You’ve decided on buying new carpet, but you want to shop smart. You already know how carpet is made and the difference between carpet styles, but what else is there to know before you buy? Lots.
Here are some buying carpet tips to give you the upper hand on what will soon be under your feet!
Unless your room is narrower than 15 feet, you’re going to have seams. Most carpet comes in widths of 12 feet and 15 feet — and on occasion, 13 feet. The degree of visibility of your seams depends on the texture and color you choose, as well as the lighting and furniture placement in your room.
When you carpet your stairs, its backing may show on the bends. And if it’s a looped carpet, it can snag — especially at the seams or transitions.
Nap (Pile Shading)
A carpet’s nap runs in a single direction, making pile reversal or the shading you see from a vacuum trail, completely normal for most cut pile styles. If you’re not a fan of this, window treatments and furniture placement can minimize the effect.
Let’s face it. You get what you pay for. If you want your carpet to have a great pile density and tighter twist construction (which leads to improved durability), then you’re going to want to go with a higher quality (and more expensive) product. New carpet adds value to any home, so it’s an investment worth making.
Carpet covers a large part of any room, so it’s vital that you consider some basic rules when selecting its color. First off, know that once your carpet is installed, it’s going to look lighter in color than the sample you saw in the store. Don’t ask us why, that’s just the way it is — kinda like losing a sock in the dryer.
Next, recognize that color can affect the apparent size of a room. Call it a visual illusion or a trick of the light, but lighter carpet makes a room look larger and darker colors make a room look smaller and more intimate.
If you like to redecorate often or plan to move soon, go neutral. It’s much easier to imagine furniture in a room that is decorated with neutral colors.
It’s going to happen, no matter how long you hold out from sipping wine or munching on chips and salsa in your freshly carpeted room. Stain protection is an important consideration when buying carpet. Products come with various levels of protection and warranties. As the quality of a carpet increases, so does its stain protection level and warranty coverage.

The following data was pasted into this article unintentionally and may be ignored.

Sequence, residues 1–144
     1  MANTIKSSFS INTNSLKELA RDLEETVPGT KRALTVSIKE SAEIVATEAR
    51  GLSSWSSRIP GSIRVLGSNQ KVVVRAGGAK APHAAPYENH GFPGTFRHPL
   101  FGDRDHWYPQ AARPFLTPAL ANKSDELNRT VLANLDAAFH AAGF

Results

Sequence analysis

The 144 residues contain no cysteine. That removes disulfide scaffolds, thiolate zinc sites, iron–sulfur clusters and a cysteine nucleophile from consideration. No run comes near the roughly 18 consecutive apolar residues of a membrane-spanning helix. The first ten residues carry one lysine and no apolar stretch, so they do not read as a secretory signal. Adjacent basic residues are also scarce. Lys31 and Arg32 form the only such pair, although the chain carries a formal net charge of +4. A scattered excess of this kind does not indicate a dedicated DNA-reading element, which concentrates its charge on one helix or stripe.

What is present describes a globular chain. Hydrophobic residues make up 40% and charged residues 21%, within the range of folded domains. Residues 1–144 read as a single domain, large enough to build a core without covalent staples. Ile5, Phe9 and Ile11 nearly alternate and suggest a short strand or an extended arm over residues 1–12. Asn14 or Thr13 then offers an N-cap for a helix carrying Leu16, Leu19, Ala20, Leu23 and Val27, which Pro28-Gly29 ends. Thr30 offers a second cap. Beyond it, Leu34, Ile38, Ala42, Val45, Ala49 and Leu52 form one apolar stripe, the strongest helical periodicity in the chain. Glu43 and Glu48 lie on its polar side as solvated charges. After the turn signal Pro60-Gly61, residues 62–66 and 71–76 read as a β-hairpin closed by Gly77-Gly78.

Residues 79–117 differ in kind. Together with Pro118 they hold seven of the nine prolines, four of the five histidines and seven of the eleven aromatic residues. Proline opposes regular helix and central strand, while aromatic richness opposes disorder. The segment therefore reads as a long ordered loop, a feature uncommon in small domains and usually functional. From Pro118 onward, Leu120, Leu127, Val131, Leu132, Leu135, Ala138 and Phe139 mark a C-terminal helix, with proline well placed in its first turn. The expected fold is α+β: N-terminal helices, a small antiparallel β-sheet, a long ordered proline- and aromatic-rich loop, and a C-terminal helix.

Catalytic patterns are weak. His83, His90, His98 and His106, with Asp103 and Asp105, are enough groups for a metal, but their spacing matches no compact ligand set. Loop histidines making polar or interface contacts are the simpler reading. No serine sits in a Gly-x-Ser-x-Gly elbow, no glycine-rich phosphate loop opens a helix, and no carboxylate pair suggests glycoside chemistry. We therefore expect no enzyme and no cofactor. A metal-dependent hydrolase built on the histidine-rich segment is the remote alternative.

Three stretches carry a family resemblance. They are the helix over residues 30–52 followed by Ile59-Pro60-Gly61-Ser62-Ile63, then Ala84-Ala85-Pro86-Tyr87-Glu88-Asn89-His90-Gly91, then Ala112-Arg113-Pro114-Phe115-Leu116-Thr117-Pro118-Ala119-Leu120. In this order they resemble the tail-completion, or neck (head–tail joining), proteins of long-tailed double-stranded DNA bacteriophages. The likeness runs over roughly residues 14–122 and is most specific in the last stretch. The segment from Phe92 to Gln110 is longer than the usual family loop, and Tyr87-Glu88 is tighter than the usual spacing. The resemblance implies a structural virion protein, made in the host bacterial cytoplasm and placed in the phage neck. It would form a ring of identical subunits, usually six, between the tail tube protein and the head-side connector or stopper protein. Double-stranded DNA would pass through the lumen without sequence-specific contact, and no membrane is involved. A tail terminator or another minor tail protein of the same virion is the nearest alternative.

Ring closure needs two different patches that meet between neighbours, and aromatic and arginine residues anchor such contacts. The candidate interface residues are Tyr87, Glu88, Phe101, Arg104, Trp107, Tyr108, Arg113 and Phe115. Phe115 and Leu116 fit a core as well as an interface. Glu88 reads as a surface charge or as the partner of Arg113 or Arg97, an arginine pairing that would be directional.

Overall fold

Padding or cushion is the layer of spongy material between carpet and floor. It’s the padding — not the carpet — that determines whether the carpet feels good or great under your feet.
A quality padding can help preserve a carpet’s look and can extend its life and comfort by providing tougher protection against wear and tear.
Padding is sold using quality specifications, not color specifications. The color of the sample you see in the store may not be the same color as what’s installed in your home. But as long as it feels good, who cares?!
It’s a good idea to read the product specs and warranty coverage on the back labels of your carpet prior to purchasing. Doing so will give you the information you need to protect your investment — and eliminate any surprises down the road.
“Cost per square foot” is just one component of the overall price tag for new carpet. Ask your retailer to calculate the total cost of your floor covering project. Here’s what he or she may include beyond the cost of the carpet, itself:
- Furniture removal/replacement
Some retailers or installers may charge to remove (and then replace) furniture in the room to be carpeted.
- Demolition/disposal of old floor covering
Unless your home is brand new, there’s probably an old floor covering that is going to need to be removed and properly disposed of.
- Sub-floor preparation
Depending on its condition (after removal of the old floor covering), your sub-floor may need to be prepped for carpet installation.
- Product delivery
Delivering your carpet and padding may not be included in the “cost per square foot” price.
There will most likely be a “cost per square foot” or “square yard” to install your new carpet and padding.
- Materials required to complete the installation
Additional materials, like adhesives, moisture barriers, stair nosings and baseboards may be required to properly install your carpet.
Many retailers offer financing as an option of payment. Be sure to check the interest rate, minimum payment due and any finance charges if you choose to pay your purchase off over time.
In addition to your total project cost, annual cleanings are also recommended to maintain the beauty and life of your new carpet. Ask your retailer and/or consult the manufacturer’s warranty and care guide for directions on cleaning and maintenance.